The International Criminal Police Organisation (Interpol) has urged member states to be wary of terrorists and rogue elements using social media to spread propaganda and advertise weapons, among other criminal activities.
To assist police across Africa in understanding the ways in which criminals leverage social media and how to incorporate social media into their criminal investigations, Interpol held a virtual workshop on “Social Media and Law Enforcement” for 37 officers from 13 African countries.
Organised by Interpol’s Regional Counter-Terrorism Nodes in Africa, the recent two-day meeting reviewed how countries can engage Interpol for investigative and operational support in cases with a social media element.
While the focus was on counter-terrorism investigations and the role of Interpol’s Terrorism Online Presence unit, other types of crime known to have online elements were also discussed.
The workshop explored the role of social media in police investigations, how to request assistance, restrictions on data sharing and other legal considerations.
Interpol enables police in 194-member countries to work together to fight international crime and Zimbabwe has been a member since November 1980.
According to Interpol, social media permeates nearly all aspects of our daily lives, helping us to connect, share information and cultivate a globally-minded society, but unfortunately, criminals have also discovered the power and global reach of social media, and are using it to facilitate their crimes.
“Terrorist groups spread propaganda through social networks and coordinate activities using encrypted apps,” said Interpol.
“Criminals use social media services to advertise and sell illicit drugs, weapons, animal products and cybercrime services.
“Children are groomed on social media by abusers, who also use it to share abuse images.”
The organisation said their Regional Counter-Terrorism Nodes (RCTNs) were strategically located near conflict zones or key terrorism hotspots and serve as the focal points for the organisation’s counter-terrorism activities in those regions.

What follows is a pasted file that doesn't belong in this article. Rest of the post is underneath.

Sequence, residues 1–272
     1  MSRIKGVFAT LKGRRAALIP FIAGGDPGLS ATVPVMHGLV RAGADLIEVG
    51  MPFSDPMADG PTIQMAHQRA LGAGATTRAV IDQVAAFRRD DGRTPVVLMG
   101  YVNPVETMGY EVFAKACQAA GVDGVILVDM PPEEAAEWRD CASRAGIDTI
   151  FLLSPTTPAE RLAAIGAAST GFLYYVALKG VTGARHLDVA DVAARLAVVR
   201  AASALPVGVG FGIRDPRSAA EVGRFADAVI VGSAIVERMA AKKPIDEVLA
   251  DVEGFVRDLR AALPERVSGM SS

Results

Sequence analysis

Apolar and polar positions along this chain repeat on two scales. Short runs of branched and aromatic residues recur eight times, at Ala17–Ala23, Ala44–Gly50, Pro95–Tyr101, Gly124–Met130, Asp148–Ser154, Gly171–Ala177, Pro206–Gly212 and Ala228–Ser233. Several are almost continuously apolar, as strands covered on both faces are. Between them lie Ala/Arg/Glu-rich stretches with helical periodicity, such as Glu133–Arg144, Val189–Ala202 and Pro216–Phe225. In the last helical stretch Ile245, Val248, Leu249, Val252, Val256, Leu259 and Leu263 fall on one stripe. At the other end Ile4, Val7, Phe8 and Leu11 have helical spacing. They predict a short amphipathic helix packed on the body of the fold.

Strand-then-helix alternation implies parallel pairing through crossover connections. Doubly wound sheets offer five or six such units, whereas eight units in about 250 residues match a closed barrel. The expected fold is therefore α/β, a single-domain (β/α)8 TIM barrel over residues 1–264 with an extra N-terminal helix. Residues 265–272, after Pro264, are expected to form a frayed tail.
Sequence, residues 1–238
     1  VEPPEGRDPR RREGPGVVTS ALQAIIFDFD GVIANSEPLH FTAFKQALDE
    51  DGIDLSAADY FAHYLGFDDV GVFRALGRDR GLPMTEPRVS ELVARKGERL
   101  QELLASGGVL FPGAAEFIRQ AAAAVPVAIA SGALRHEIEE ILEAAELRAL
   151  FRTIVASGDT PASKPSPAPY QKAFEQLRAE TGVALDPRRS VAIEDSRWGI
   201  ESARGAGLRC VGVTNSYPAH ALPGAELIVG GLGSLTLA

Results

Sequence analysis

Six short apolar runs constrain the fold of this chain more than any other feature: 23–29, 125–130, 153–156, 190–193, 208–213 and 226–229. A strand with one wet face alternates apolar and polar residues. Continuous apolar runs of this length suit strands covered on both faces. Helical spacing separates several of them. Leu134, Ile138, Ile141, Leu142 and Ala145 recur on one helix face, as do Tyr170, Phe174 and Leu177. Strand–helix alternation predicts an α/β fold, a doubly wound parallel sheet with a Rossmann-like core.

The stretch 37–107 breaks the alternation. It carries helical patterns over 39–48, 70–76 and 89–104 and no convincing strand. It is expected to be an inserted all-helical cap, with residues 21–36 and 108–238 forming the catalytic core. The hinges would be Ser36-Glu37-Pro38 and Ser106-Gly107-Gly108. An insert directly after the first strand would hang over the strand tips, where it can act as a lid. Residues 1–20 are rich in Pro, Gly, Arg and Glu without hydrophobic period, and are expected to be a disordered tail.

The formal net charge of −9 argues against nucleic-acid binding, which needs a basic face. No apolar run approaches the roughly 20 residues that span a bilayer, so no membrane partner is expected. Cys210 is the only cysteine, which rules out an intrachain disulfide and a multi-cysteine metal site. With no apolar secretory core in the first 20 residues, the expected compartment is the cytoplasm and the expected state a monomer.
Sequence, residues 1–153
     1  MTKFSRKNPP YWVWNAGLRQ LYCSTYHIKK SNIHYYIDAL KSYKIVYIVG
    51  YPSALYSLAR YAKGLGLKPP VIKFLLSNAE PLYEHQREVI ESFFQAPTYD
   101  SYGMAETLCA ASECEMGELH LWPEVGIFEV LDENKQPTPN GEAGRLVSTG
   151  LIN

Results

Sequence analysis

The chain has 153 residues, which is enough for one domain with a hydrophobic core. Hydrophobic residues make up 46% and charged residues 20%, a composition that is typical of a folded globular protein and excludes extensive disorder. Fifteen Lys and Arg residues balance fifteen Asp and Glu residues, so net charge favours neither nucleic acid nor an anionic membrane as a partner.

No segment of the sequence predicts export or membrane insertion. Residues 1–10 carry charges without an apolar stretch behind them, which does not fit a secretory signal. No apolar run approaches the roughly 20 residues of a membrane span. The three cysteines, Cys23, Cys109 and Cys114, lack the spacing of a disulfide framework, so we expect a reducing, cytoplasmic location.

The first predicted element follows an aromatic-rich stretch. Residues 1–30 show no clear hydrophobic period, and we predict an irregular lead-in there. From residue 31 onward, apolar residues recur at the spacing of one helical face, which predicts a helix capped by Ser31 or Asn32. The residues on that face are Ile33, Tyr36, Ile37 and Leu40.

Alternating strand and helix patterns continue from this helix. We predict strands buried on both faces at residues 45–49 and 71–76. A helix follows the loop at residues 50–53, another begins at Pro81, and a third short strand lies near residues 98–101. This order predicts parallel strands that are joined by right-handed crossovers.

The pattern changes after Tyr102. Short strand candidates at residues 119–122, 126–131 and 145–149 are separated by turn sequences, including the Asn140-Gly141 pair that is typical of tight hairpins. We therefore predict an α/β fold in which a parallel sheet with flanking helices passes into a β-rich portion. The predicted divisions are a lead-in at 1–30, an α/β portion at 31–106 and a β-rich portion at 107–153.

Covering Eastern and Southern Africa, Western and Central Africa, Asia-Pacific, Europe, the Americas, and the Middle East and North Africa, the RCTNs provide direct support to law enforcement in each region to enhance their counter-terrorism response.
Underscoring Interpol’s commitment to assisting police across Africa to incorporate online elements into their investigations, a similar training course was held earlier this year for Libyan law enforcement officers on how best to exploit the Internet and specific social media sites in counter-terrorism investigations.
In June, Government voiced concern over the increasing use of social media as propaganda tools for promoting violence and extremism and has urged Sadc security services to work together in taking effective approaches to defend threats posed by terrorism and transnational organised crime.
The concern was voiced by Home Affairs and Cultural Heritage Minister Kazembe Kazembe during a video conference meeting of the SADC/Southern Africa Regional Police Chiefs Cooperation Organisation (SARPCCO) Chiefs of Police Sub-Committee of the Inter-State Defence and Security Committee (ISDSC).
The sentiments came after SADC states were urged to support Mozambique’s fight against terrorists and armed groups attacking civilians and infrastructure in Cabo Delgado Province in the north-east of the country.
Cabo Delgado is the north-eastern province of Mozambique, bordering Tanzania and the Indian Ocean.
Since October 2017, armed groups claiming to be Islamist militants have been attacking civilians, who have taken the brunt of the attacks, police and government workers and buildings.
It is thought that the terrorists fund their activities largely through drug and ivory smuggling.
Zimbabwe has recently not been spared from social media attacks, with some of the messages aimed at disturbing peace and stability in the country.
There have been frantic efforts by exiled G40 fugitives to stoke emotions and international outrage by rehashing and regurgitating old videos and pictures, some from other countries, to give the impression of human rights violations in the country.
Last week, Foreign Affairs and International Trade Minister, Sibusiso Moyo, said the negative reflection of Zimbabwe on social media is internally generated and intended to reach foreign destinations and capitals, particularly ahead of international and regional summits.
While Zimbabwe has its own challenges spawned by natural disasters such as drought, climate change and Covid-19, there is no crisis in the country.